on AdventPosted: December 9, 2013
I love Advent. Especially in years like this one when the Season after Pentecost is especially long.
But Advent is not Christmas. The lectionary readings for the first couple of Sundays of Advent can be kind of rough. This is Year A, the year of Matthew. I’ve always thought Matthew was the harshest of the four gospels, and nothing in the readings for the first two Sundays of Advent does anything to alter that opinion. Last week we heard Matthew 24: “But about that day and hour no one knows, neither the angels of heaven, nor the Son, but only the Father.” Yesterday It was John the Baptist in Matthew 3: “You brood of vipers! Who warned you to flee from the wrath to come?” Tough stuff, indeed.
|I picked Advent … before I remembered what’s in the daily office lections for the month. Zoinks. It’s not all fun and games. Woe to those who say Advent isn’t penitential!|
I spent ten years in exile from the Episcopal Church off in the Lutheran Church where the color for Advent is Blue, to indicate expectation. The color in the Episcopal Church is still purple. My spiritual director, Linda, an Episcopal parish priest, tells me the color can be seen as royal purple. And I did see on Facebook a picture of an Episcopal clergy person in a beautiful blue vestment.
At St. John the Divine, the approach is more penitential. No altar flowers in Advent (as in Lent), and we sing the Kyrie, which we only sing in those two seasons.
At Good Shepherd Lutheran, Pastor Koch was adamant that we did not sing Christmas songs during Advent. I internalized that, and became a bit of a snob. Linda reminded me once that I am not the Advent police. And indeed, I loosened up a bit last year because in times of stress and frustration Christmas music can be soothing and healing.
Linda spoke to her congregation on Advent 1 about the Advent police. She says, “For some reason, the Advent police seem to take greater pleasure in seeking out infractions than seeking out the Christ Child.” An easy trap to fall in to.
Linda goes on to say:
|I’ve noticed that there’s not much any of us can do to control Advent and Christmas. Just like babies, Advent and Christmas seem to arrive in their own time, not ours. Despite our tight-gripped control of our calendars, they are not as predictable as we would like to believe. There have been years in my life when neither Advent nor Christmas became a reality for me. There have been years when my Advent extended almost to Easter and other years when I’ve been struck by Christmas in the middle of summer or on a day filled with falling leaves. You may have had similar times when your own experience doesn’t quite coincide with the season or with what seems to be going on with those around you. The thing is—God shows up when God shows up, and there’s not a lot we can do about it.|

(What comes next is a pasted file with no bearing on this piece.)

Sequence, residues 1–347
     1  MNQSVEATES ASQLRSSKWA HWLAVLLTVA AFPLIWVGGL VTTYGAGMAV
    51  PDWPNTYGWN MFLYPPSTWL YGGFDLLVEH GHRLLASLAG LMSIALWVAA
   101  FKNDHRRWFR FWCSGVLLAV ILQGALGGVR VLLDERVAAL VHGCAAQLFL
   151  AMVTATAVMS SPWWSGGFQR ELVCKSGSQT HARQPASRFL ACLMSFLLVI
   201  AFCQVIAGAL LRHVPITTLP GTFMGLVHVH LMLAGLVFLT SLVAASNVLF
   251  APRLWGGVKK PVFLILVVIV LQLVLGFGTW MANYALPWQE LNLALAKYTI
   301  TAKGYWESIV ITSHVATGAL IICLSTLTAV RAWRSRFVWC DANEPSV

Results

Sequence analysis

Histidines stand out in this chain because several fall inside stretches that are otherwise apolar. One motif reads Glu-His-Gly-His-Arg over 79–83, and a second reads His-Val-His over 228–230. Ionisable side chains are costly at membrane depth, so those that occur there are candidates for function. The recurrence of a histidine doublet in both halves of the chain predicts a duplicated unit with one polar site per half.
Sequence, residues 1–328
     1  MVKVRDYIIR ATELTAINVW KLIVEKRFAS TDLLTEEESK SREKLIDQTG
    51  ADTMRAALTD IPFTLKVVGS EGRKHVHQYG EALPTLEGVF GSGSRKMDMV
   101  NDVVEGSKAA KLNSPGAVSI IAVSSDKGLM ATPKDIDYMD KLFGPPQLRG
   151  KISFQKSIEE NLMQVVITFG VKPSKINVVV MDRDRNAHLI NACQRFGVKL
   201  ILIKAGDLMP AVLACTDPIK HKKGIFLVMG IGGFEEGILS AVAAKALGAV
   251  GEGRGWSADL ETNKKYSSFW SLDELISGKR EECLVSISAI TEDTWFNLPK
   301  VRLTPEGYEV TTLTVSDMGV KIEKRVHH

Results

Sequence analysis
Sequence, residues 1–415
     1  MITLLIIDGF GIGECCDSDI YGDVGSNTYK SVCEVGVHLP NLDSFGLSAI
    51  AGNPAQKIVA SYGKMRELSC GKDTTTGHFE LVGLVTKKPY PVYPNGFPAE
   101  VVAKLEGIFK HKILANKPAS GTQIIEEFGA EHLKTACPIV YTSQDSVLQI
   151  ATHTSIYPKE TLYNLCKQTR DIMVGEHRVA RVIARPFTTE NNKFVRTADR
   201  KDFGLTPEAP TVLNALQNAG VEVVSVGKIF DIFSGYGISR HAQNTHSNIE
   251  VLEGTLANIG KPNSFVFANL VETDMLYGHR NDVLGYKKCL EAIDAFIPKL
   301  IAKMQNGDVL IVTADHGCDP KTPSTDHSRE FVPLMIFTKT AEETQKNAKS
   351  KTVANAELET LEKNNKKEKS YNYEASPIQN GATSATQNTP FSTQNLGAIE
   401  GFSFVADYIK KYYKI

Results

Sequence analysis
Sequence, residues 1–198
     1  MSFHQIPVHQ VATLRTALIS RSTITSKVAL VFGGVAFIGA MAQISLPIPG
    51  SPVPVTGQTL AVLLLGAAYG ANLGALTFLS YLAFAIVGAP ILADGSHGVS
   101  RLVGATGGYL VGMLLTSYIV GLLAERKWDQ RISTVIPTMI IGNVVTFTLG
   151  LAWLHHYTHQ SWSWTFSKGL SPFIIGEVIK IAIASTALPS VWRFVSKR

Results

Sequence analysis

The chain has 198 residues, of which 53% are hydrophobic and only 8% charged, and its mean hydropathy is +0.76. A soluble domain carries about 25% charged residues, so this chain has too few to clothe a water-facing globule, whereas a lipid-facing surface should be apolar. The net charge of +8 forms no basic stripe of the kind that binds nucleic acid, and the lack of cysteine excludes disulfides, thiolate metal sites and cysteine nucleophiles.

Now there is a liberating thought.
Maybe we need to get away from all those rules about Advent and focus of waiting and expectation. Maybe the lectionary does not have the correct approach in its focus on penitence.
|Seeing Advent as a penitential season strikes me as unfortunate. It is the product of a seriously distorted and yet widespread understanding of Christianity: namely, that the central issue in our lives with God is our sinfulness….That is a serious impoverishment of Christianity and Advent. Christianity and Advent are about so much more. The central themes of the stories of Jesus’s birth … are hardly at all about sin and our need for forgiveness.|
These themes include, Borg says:
- Liberation from bondage
- Return from exile
- Light in the darkness
- Yearning and fulfillment
He expands on these themes in his initial Advent post, and promises more on them throughout Advent.
Useful reflections as we wait for the coming of the Light.
I leave the final word to my spiritual director Linda:
|One again, we begin the journey to Christmas. Jesus is coming. There’s no telling what will happen. Sing a little carol! Stay awake!|